Can Self Control Be Teach?
Self control is a crucial mental skill that most people desire. It helps us make better decisions and avoid the consequences of poor choices. It can also help us to regulate our emotions and respond appropriately to situations that arise.
The question of whether self control can be taught is a common one among educators, parents, and therapists alike. While some people have innate strengths in this area, it is possible for most to learn and develop it throughout their lives.
Character Strengths that Improve Self-Control
The ability to pause before reacting impulsively and to think more about the long-term consequences of a decision is a great example of self-control. This can be a valuable skill to teach to children and adults.
Another key element of self-control is the ability to defer gratification. Learning the character strengths of savoring and self-regulation can help build this aspect of self-control.
Teaching children to delay gratification can be challenging, but it is an important part of building resilience and self-control into their psyches.
Rewarding children for regulating their emotions and responding appropriately to negative situations will help them build this key skill. By giving children small rewards, such as a few minutes to play outside or a favorite food, they will feel good about themselves and be more likely to resist impulsive behaviors.
Having a consistent routine is a key tool to developing self-control in young children. By establishing boundaries for things like meal time, sleeping, and school work, teachers can help kids know what is expected of them and how to self-regulate.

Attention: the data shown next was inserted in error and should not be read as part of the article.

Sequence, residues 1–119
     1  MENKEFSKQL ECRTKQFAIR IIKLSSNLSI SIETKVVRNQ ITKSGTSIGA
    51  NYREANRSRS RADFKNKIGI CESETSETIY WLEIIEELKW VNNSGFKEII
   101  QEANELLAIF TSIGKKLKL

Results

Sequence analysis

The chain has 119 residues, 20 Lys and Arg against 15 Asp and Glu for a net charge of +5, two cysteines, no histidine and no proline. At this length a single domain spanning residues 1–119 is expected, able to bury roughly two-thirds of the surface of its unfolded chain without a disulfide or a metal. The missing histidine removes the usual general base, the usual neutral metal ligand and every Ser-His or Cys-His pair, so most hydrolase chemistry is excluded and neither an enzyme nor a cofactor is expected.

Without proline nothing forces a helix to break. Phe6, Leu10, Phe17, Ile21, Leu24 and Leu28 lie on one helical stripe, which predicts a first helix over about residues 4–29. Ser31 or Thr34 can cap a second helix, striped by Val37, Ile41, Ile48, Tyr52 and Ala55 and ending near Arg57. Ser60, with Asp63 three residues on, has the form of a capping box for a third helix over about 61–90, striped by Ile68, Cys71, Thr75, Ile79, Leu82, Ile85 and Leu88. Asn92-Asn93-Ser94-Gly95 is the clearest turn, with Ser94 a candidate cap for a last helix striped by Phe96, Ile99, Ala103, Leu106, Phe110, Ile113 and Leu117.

This is an especially useful skill in kindergarten, where many students are not used to a structured classroom and tend to be distracted by their own activities. Creating a predictable schedule will not only encourage children to regulate their own behavior but can also be an excellent way for teachers to monitor student progress.
A study of the Dunedin Study, a long-term research program that has tracked participants from childhood to adulthood, found that self-control was one of the most reliable predictors of life success in adolescents and adults (Moffitt et al 2010). Low self-control is often associated with substance abuse, poor academic performance, deviant sexual behavior, obesity, and criminal activity.
Some researchers believe that low self-control is caused by a lack of parental supervision during childhood, whereby children are not given the guidance and support needed to develop healthy coping skills. In addition, people who have difficulty controlling their emotions are more likely to give in to impulses and to engage in unhealthy coping mechanisms, such as alcohol or drug use.
While these coping mechanisms may be beneficial in the short term, they can lead to serious health problems and even criminal activity in the long term. Luckily, self-control is not an irreversible trait and can be strengthened in children through patience, consistency, and consistent modeling.
If you have a child who is struggling with self-control, a therapist can provide them with the tools they need to cope with their difficult behaviors. A therapist can also help children to develop a plan that focuses on how to regulate their emotions and respond to situations that are challenging. They can also help them identify their core values and beliefs that are most important to them and that they can use to guide their decisions.